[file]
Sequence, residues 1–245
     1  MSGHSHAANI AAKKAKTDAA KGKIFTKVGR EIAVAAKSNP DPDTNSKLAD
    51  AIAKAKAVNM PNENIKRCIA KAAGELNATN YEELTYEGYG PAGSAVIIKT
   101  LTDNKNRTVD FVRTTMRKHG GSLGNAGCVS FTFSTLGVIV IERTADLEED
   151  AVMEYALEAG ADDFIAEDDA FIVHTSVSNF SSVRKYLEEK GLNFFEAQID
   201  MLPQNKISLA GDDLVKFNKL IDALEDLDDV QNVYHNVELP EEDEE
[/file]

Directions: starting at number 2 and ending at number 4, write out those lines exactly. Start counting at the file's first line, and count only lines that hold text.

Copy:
     1  MSGHSHAANI AAKKAKTDAA KGKIFTKVGR EIAVAAKSNP DPDTNSKLAD
    51  AIAKAKAVNM PNENIKRCIA KAAGELNATN YEELTYEGYG PAGSAVIIKT
   101  LTDNKNRTVD FVRTTMRKHG GSLGNAGCVS FTFSTLGVIV IERTADLEED